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If you can’t take the heat…
James Lassiter has had a crush on fellow culinary student Ethan Martin for three years, but has never had the guts to make a move. Putting himself out there is hard, especially when under the thumb–and wallet–of his overbearing parents. Now that bad boy chef Ethan–who is always vying with Jamie for best in class–is struggling with the pastry course, Jamie suddenly has a reason to reach out.
Ethan doesn’t mean to be an ass–okay, so mostly he does–but even though he’s secretly hot for Jamie, he sure as hell doesn’t want help with pastry. Ever since his dad walked out, Ethan has been the one to hold things together and he’s done fine on his own. Except that he can’t get his cake to rise.
Jamie could be the answer to what Ethan’s been missing his whole life–someone to depend on. But with the two competing for the same scholarship, things suddenly get too hot to handle. And if Jamie finds the strength to go for what he wants, he isn’t about to settle for what he needs.
I need to put this out there first … if you want a story that ends in conclusion, better wait until book 2. Because this one didn’t even have a Happy-For-Now ending in my opinion. It ended with a “to-be-continued” scene. Since I didn’t know beforehand that the book would be part of a series and their story would probably be concluded in book 2, I was slightly annoyed. It influenced my reading experience, which resulted in my rating as well. What can I say, I felt slightly duped too. Cliffhangers are evil!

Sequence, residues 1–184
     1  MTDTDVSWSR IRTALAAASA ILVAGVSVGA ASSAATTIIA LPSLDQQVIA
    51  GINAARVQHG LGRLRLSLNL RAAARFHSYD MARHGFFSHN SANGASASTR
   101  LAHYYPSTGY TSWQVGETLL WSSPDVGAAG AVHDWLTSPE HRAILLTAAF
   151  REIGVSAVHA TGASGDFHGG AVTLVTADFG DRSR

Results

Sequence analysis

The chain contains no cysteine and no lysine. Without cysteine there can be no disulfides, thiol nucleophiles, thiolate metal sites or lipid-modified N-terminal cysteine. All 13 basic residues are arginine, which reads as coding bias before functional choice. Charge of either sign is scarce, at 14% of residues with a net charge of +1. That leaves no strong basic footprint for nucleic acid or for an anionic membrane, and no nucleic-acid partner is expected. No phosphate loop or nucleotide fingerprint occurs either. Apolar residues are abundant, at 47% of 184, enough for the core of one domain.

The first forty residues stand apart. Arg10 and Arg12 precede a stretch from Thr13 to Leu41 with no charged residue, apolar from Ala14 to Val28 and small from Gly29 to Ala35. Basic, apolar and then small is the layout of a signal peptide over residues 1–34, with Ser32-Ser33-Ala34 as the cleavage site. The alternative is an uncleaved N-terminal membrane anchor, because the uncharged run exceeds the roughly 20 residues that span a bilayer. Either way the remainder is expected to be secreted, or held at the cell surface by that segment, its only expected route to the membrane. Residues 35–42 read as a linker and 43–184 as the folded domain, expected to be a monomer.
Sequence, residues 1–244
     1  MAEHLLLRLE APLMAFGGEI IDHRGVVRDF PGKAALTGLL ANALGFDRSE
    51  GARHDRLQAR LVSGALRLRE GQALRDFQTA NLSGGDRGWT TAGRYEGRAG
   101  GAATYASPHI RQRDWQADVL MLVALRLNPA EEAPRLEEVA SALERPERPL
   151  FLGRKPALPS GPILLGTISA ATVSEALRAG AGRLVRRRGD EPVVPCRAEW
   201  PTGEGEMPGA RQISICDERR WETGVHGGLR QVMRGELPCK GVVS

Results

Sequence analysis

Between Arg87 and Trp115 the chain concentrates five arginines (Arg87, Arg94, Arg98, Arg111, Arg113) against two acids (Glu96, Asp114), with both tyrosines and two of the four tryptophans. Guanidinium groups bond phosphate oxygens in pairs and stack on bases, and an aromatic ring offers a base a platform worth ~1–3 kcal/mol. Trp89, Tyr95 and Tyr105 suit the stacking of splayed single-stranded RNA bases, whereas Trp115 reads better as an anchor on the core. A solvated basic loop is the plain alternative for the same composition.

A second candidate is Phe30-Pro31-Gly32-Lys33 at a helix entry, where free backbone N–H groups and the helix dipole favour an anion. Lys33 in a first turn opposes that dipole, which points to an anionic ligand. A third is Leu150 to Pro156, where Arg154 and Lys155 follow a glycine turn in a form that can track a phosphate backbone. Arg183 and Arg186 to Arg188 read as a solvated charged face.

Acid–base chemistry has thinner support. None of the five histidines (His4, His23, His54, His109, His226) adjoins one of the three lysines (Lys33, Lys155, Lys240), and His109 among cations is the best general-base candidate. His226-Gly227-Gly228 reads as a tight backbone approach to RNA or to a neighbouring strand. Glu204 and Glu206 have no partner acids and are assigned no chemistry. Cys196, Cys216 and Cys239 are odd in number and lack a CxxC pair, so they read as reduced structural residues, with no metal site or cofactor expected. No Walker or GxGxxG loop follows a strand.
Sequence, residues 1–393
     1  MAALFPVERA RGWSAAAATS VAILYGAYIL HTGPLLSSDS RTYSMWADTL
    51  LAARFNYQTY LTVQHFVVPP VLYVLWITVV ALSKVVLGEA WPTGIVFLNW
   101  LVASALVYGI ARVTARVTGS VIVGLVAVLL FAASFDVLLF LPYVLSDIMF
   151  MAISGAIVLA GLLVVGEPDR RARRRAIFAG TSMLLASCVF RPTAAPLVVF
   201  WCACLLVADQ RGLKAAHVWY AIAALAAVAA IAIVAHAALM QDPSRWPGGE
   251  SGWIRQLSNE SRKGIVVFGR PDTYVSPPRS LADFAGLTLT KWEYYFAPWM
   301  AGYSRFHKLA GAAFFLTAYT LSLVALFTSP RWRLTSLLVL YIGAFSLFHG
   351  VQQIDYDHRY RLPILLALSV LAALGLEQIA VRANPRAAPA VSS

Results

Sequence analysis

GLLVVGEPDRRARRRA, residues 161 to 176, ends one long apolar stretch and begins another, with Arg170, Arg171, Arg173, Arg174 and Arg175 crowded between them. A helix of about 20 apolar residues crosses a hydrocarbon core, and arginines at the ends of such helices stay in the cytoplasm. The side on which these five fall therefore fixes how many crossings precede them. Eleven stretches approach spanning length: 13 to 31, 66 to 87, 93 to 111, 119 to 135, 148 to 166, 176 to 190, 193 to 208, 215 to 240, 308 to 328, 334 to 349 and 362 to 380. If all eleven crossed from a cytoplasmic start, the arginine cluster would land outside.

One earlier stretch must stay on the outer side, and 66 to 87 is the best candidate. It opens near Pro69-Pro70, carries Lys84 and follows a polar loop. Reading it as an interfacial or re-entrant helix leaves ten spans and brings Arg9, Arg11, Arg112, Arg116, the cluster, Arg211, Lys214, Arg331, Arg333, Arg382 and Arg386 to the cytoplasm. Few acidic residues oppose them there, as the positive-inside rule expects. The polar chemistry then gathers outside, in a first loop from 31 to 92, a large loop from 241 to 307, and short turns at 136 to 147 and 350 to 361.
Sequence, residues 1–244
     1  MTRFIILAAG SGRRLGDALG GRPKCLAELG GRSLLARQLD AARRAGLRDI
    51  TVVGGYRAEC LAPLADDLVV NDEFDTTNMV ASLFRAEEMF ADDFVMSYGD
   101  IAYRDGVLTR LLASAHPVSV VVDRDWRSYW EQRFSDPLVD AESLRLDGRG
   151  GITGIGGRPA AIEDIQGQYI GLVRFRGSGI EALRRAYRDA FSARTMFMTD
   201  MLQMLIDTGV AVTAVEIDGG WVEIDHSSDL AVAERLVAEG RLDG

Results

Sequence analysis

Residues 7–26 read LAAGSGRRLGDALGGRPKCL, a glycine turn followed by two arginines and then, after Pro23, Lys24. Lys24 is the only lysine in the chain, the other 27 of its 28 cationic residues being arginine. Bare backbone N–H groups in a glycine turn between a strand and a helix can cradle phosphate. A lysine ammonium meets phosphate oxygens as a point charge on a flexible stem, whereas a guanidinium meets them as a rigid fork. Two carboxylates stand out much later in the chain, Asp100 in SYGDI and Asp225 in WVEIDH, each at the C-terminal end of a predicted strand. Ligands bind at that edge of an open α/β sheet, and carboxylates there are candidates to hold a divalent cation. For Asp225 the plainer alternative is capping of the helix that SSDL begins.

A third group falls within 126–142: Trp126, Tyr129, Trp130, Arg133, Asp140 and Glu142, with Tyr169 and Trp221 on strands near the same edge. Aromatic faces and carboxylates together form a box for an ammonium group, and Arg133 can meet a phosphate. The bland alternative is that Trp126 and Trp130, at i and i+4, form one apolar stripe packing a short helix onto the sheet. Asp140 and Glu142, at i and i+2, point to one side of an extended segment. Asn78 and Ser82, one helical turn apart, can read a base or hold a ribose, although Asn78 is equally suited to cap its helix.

Anyway, let’s get back to the story itself. The story had a good premise – and if you are a food lover, you might enjoy the setting of a culinary school and how these characters are involved in competition to get a cooking scholarship. The story is written from both the young men’s perspective. We get Ethan, the bad boy, who is a star in cooking (because he can do whatever he wants with the ingredients) but not so much in baking (because he needs to follow rules!). While Jamie is the Golden Boy, coming from a conservative family who also has a restaurant business. Jamie is not out when the story starts, even if he has been crushing on Ethan.
I admit that as the story went, I ended up having more sympathy towards Jamie. His family was controlling – the kind of rich family who thought that the rest of the working class people were beneath them. His father couldn’t understand why Jamie wanted to be in culinary school when he could easily get a job in the family’s restaurant. Not to mention that they were homophobic and Jamie faced an ultimatum when they found out about his sexuality. So when Jamie defied his parents’ wishes, held his head up high and determined to be successful on his own two feet, I was very, VERY proud of him. Jamie definitely showed the best progress in this story.
Ethan, on the other hand, was slightly more unlikable. I thought he was rather quick to judge and temperamental and could act like a total jackass. I thought maybe because Ethan was rather insecure, what with the difference in their economic level and all, plus he first thought that Jamie was straight and it frustrated the hell out of him because he was secretly hot for the Golden Boy. Still, I was annoyed with his attitude several times – I wish I could go inside my Kindle page and slap him in the head. He did redeem himself in the end though. But yeah, compared to Jamie, I liked him less.
So bottom line, it was a nice set-up story, but since the ending wasn’t a closure, I could only give this a 3-stars rating at the moment. It will be interesting to see how the two develop over the years since book 2 seems to be set-up eight years later.